The flower heads of Joe Pye weed are attractive right up until frost, so deadheading is not a recommended practice. Instead, the normal routine is to remove the plant stalks entire at the end of the season.
Mature plants can handle short droughts, but too much dry soil for too long will cause Joe Pye weed to shrivel and scorch. Make sure the plant is getting enough moisture in the heat of summer.
Division of roots is the easiest way to propagate mature Joe Pye weed plants. It is best done in early spring as soon all danger of frost has passed, but propagation in the fall is usually successful, too. Few plants are easier to propagate.
It's rare for gardeners to have trouble getting Joe Pye weed to bloom, but the plants sometimes underperform if they don't get enough sun or if they experience extended drought conditions. And very poor soil can sometimes hinder the blooms. But generally speaking, Joe Pye weed will bloom if it gets enough light, enough water, and just a small amount of nutrition.
Orange Spots on the Leaves
Like many native wildflowers, Joe Pye weed is renowned for its easy-care attitude. Problems are rare and usually easy to solve:
Joe Pye weeds have thick stems with lance-shaped, serrated dark green leaves that can be up to a foot long. And in the midsummer, tiny mauve or pink-purple flowers bloom in large clusters atop the stems. Although it’s often considered just a roadside week, Joe Pye weed has a sweet vanilla scent that is especially attractive to butterflies and other pollinators, and it has become an increasingly popular plant for native gardens. Joe Pye weed is best planted from potted nursery plants in the spring after the threat of frost has passed. It has a fast growth rate, usually flowering in its first season.
Joe Pye weed is, as the name implies, a plant with a weedy appearance. But its appeal to butterflies and other pollinators makes it a good choice for native plant landscapes and pollinator gardens. Massed groups can create a notable display and architectural height at the rear of a border garden, in meadow gardens, or along water margins. It is also a good plant to fill drainage ditches and other low-lying areas.
Common Plant Diseases
By far the most common problem for Joe Pye Weed is powdery mildew, Although it is rarely fatal, powdery mildew's dusty covering of the leaves can hinder their ability to photosynthesize, sometimes causing the leaves to dry up and die.
Joe Pye weed lives almost indefinietely, as the root crown gradually spreads and sends up new growth stalks to replace the old ones. This is not a perennial you will likely need to replant.
Deam’s Black Eyed Susan (Rudbeckia fulgida v. deamii) is an outstanding wildflower that blooms in mid-summer with a profusion of large, golden flower petals surrounding a black cen.
The genus Eupatorium*, commonly known as Bonesets or Joe Pye Weed, are a large group of wildflowers valued in the garden for their large size, robust growth, attractive foliage and large, showy displays of summer through fall flowers. Widely distributed across the northern hemisphere, they can be found in Europe, Asia and North America. However, the Bonesets most commonly in cultivation in the US are native species.
Agastache Ava is one of High Country Gardens very best plant introductions, renowned for its tall spikes of deep rose-pink flowers held by raspberry-red calyxes. This vigorous hybrid.
Davis Showy Milkweed (Asclepias speciosa ‘Davis’) is an outstanding western form of this widespread species. ‘Davis’ Milkweed is grown for its vigor, showy silver-grey foliage, and l.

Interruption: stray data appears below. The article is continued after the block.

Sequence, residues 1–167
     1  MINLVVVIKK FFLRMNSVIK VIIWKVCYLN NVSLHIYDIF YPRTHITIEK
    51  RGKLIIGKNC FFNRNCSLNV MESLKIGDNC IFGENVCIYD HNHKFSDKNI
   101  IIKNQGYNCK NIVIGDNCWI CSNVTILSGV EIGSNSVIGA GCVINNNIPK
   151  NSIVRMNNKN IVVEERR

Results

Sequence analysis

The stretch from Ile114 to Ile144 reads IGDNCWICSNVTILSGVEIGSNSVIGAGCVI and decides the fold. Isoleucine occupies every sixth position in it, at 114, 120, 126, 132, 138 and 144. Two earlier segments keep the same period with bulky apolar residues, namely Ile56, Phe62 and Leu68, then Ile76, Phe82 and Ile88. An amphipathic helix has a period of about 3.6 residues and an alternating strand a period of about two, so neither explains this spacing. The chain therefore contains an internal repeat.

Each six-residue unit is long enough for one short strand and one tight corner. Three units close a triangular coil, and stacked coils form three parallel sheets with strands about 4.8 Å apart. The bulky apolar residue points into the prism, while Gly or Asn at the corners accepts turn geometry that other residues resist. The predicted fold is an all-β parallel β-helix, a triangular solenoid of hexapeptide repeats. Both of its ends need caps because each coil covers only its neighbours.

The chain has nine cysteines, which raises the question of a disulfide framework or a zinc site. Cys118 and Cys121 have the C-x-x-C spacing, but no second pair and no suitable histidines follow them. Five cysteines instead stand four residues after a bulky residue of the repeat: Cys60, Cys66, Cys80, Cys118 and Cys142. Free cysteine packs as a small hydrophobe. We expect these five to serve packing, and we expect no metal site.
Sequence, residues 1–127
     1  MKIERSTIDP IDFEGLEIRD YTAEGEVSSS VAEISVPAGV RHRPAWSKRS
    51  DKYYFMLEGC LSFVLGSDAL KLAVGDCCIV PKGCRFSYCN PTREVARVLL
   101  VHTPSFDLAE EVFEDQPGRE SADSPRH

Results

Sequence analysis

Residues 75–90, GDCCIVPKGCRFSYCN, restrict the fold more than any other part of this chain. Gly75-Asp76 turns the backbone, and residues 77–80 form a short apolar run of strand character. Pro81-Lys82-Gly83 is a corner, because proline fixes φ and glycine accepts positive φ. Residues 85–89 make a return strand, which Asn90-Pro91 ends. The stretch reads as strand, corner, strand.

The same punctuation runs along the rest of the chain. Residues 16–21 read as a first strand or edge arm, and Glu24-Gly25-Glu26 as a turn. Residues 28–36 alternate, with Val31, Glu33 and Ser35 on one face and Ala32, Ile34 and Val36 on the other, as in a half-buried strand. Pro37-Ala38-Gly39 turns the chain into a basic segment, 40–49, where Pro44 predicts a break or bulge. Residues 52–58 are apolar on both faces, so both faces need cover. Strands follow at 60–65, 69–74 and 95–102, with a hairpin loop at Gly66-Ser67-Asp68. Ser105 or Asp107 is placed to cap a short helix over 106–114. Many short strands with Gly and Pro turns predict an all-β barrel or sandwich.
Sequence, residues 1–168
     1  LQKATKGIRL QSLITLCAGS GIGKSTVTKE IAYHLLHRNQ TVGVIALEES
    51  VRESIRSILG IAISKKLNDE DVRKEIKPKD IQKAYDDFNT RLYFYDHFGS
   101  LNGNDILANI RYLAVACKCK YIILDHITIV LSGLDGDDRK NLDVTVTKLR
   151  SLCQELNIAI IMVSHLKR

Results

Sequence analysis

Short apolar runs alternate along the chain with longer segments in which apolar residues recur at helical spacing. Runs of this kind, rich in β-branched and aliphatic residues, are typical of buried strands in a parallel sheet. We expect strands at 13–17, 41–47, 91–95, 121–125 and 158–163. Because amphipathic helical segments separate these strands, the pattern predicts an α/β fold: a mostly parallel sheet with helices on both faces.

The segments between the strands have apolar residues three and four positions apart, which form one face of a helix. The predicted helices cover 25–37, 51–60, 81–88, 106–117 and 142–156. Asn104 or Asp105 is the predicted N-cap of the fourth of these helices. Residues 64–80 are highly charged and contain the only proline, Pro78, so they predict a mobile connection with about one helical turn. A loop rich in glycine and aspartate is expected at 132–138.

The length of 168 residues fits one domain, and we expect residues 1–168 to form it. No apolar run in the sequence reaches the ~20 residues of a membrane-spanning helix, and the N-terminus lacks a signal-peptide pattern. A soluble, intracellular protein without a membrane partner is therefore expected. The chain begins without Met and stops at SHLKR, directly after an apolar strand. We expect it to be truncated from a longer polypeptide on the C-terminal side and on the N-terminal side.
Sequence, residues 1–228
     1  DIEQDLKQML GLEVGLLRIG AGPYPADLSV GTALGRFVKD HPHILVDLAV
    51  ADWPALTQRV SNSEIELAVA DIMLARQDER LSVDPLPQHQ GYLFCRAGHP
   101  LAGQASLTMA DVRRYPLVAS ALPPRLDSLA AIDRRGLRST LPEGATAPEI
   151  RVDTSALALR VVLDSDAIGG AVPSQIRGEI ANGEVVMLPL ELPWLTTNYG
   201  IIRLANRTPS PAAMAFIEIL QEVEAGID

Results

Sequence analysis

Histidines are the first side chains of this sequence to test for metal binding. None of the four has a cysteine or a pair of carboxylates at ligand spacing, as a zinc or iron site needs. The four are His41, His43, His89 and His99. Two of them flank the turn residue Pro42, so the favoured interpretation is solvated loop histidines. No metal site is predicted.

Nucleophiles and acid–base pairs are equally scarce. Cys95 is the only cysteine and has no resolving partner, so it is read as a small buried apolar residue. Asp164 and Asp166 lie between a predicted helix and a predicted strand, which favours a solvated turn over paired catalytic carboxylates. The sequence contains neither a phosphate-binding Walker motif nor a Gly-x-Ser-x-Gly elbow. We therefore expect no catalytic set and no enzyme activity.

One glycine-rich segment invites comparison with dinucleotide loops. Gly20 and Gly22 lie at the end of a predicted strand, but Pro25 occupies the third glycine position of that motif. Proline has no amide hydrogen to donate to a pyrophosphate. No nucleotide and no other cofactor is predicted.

Planting Joe Pye Weed
Eupatorium maculatum ‘Red Dwarf’ – A European introduction of this native species, ‘Red Dwarf’ is a vigorous, yet compact grower. Topping out at about 36 inches in height and 24 to 36 in. in width, it’s still a medium-large plant, but decidedly smaller than the species which can reach 6 ft. in height. The late summer flowers are mauve-pink and are held by burgundy-red flower stems which make a nice combination with the flowers. ‘Red Dwarf’ is a more tightly growing, more rounded form than ‘Little Joe’.
Gardeners value growing Joe Pye Weed for their big, mounding flower heads that are typically white, shades of pink and occasionally violet-purple. The flowers are loaded with nectar and pollen that attract native bees, honeybees and butterflies. In the fall, many species set copious seeds that are both ornamental as well as useful for attracting and feeding small seed-eating songbirds. The plants are highly resistant to browsing deer and rabbits.
Eupatorium plants enjoy fertile soil and moderate to moist soil conditions; thus are referred to as “mesic” (not xeric) plants. They should be planted with other mesic garden perennials. Joe Pye weed is also a good choice for planting in rain gardens.
Not a Weed: The Beauty and Pollinator Value of Eupatorium (Joe Pye Weed or Bonesets)
Most species of Eupatorium can grow to large size and are best used at the back of the perennial border, or in meadows and other wildland plantings where they form an impressive backdrop for other summer and fall blooming perennials and ornamental grasses. In general, these large growing plants prefer fertile soils and sun, although some species are fine in partial shade. Our native species are herbaceous (die back to the ground in winter) and should be pruned back hard in mid-spring to give the new stems room to push out from the crown. Flowers can be deadheaded to reduce re-seeding should it become an issue, although this is usually not required.
*Note on botanic nomenclature: Recently botanists have broken up the genus Eupatorium into three new genera. Many of our most familiar Joe Pye weeds are now in the genus Eutrochium. But for the sake of familiarity and to avoid confusion, I have used Eupatorium in this blog. Most commercial growers are continuing to use the old genus as well.